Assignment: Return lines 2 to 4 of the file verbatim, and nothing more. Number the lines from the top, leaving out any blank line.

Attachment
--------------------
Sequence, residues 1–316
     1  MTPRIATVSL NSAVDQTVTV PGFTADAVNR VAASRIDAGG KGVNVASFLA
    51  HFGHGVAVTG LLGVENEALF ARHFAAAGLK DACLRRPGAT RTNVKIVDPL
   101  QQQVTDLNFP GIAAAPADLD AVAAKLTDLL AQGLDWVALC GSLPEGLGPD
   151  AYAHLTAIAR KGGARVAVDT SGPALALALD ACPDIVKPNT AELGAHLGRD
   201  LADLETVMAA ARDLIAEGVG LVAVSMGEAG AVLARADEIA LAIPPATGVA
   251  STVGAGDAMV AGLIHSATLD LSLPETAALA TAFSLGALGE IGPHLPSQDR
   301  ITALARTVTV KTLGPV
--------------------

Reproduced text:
     1  MTPRIATVSL NSAVDQTVTV PGFTADAVNR VAASRIDAGG KGVNVASFLA
    51  HFGHGVAVTG LLGVENEALF ARHFAAAGLK DACLRRPGAT RTNVKIVDPL
   101  QQQVTDLNFP GIAAAPADLD AVAAKLTDLL AQGLDWVALC GSLPEGLGPD